Many of us have wondered what it would be like to have a twin.
Now, imagine the fun you could have if you both went into the same profession, had the same employer and worked side by side throughout your careers.
Karen and Sara Holmgaard, the identical twin sisters who play for Everton and Denmark, have been confusing team-mates and managers alike since they started out in football.
On the pitch, it is easy to distinguish the 23-year-olds.
Karen is right-footed, Sara favours her left. Karen plays in midfield, while Sara is in defence. Karen prefers a possession-based game, while Sara’s strength is being powerful and winning duels.
But off the field it becomes much more difficult to tell the pair apart.
Even Everton’s Danish boss Brian Sorensen, who previously worked with the twins in their homeland, can struggle.
“With Brian, we have worked with him for two or three years and there are some times when he is still confused,” Karen tells BBC Sport.
Karen tends to wear her hair in a high bun and is slightly taller, while Sara usually opts for a low bun.
“If one morning I went to training and I had my hair down they [team-mates] can’t see the difference,” said Sara.
“After one game where Karen had scored I put my hair up and I went into the room where Brian was and he said to me ‘oh what a goal’. And I said ‘erm Brian, I’m Sara’.”
The pair say they have often pretended to be each other over the years and have got used to being referred to by the wrong name.
“Sometimes I switch but I’m not thinking about it,” said Sara.
When it comes to personality, Sara says she is the quieter of the two with Karen leading the way in conversations – but they also have similar characters.
“We are basically the same I think. I’m a bit more quiet, but I think we are nearly the same,” said Sara.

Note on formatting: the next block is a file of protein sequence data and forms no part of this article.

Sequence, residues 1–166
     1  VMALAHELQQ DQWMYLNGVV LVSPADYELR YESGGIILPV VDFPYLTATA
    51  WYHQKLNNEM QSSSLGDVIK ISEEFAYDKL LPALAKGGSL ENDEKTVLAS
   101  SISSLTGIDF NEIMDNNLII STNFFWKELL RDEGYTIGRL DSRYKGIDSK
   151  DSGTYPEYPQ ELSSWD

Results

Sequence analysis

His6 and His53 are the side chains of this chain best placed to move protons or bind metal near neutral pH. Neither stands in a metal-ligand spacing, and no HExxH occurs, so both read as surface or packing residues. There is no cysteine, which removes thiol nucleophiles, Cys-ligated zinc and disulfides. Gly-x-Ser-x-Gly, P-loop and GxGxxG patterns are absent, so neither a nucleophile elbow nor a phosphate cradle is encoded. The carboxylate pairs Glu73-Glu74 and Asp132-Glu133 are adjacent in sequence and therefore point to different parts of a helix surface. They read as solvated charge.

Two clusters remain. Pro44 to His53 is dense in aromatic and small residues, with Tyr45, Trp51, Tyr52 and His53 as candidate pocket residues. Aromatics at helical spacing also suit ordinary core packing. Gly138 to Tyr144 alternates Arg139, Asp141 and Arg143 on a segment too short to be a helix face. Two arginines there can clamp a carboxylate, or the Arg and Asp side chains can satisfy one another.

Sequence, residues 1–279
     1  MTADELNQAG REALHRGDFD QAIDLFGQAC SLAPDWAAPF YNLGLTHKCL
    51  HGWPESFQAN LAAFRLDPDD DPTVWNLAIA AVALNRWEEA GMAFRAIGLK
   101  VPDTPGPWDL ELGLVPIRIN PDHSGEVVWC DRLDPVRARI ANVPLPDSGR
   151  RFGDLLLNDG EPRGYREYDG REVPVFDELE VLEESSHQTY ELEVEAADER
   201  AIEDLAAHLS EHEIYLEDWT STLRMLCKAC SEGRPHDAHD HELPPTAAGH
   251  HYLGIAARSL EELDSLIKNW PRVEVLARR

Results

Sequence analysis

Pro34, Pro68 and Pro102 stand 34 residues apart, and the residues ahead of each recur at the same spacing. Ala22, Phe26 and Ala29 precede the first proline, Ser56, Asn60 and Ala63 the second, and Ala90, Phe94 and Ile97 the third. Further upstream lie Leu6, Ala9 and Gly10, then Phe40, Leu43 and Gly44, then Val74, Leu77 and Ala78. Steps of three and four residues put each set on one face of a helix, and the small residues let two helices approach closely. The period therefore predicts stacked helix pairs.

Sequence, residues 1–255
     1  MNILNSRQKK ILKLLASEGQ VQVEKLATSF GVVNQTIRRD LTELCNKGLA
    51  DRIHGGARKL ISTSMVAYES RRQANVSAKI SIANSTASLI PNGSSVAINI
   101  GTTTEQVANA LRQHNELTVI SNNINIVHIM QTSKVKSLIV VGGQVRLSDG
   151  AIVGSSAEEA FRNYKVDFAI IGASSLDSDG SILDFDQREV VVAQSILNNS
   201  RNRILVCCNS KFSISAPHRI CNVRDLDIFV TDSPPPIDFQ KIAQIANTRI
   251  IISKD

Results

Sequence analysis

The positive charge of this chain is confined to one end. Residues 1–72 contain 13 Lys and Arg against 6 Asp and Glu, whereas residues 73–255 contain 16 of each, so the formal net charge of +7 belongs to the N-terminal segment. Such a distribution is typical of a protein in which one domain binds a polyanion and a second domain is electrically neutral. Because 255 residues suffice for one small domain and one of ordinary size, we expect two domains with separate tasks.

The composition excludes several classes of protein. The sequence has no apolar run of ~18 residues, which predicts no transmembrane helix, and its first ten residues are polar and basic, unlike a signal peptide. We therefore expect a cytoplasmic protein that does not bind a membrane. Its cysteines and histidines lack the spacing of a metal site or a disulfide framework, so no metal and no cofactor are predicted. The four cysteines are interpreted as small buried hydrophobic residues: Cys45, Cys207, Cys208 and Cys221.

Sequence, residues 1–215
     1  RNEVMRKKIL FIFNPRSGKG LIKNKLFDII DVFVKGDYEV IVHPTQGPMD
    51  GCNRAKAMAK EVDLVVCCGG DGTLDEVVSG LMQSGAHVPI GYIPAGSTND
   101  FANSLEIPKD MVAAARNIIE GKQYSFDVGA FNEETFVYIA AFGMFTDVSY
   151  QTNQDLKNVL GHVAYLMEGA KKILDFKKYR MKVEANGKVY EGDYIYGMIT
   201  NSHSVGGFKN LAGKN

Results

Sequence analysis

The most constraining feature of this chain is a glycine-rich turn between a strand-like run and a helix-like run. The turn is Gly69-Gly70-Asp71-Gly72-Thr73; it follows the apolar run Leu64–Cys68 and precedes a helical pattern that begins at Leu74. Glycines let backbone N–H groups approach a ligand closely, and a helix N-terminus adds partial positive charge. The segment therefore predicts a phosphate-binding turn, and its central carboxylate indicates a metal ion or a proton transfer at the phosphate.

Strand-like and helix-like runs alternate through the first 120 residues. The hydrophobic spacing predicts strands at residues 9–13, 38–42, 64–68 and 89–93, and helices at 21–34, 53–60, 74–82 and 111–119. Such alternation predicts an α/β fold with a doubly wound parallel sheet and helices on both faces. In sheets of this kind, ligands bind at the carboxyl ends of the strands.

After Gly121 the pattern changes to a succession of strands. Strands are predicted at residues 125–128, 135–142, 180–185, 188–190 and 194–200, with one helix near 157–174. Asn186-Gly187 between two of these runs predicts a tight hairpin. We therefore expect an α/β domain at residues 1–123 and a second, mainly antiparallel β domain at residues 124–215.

‘Being separated easier than I expected’
The twins joined Everton in August but, five days after coming to the decision, it was agreed that Sara would stay in Denmark for a six-month loan spell at Fortuna Hjorring.
It was the first time the duo had been separated from each other, having previously enjoyed spells at Hjorring and Turbine Potsdam together.
“It’s nice to be together but it’s also nice to show people that we can develop and it’s fine for us. I was expecting it would be harder than it was,” says Sara.
“We FaceTimed maybe four or five times a day, sometimes for five minutes and sometimes half an hour – normal sisters maybe can go days but we are close to each other.”
“Just small things, not hours, even just ‘hey’ if there’s something we needed to talk about,” added Karen.
It is this constant need to be in contact which makes them different to “just being sisters”, they explain.
“When you are twins you need to know what is going on with each other,” says Sara.
‘We wouldn’t have this career if we didn’t have each other’
From a young age the pair have always played sport alongside each other.
“After school we went to college and decided whether we wanted to do football or handball and we decided on football and it was normal for us to decide to do it together,” said Karen.
The duo started their first match together for the Toffees in the FA Cup in January and said their connection on the pitch is almost telepathic.
“We have played football our whole lives together, I feel that on the pitch we know where each other are, so I can always play to Sara,” said Karen.
With that intuition comes a competitive edge and a desire to push one another.
“We always want to be the best, so for example if we have to run then Sara has to run faster than me and I have to run faster. I think this helps us,” Karen said.
“We would not have had this career if we didn’t have each other,” adds Sara.
So, could we see them on opposing teams? It has almost happened – and the twins are not ruling it out.
“After being in Germany we thought that might happen,” Sara said. “Coming to England and being in the same area or city but at two different clubs.”
Karen added: “I think it would be something special, it would be good to try. We would learn a lot from it.”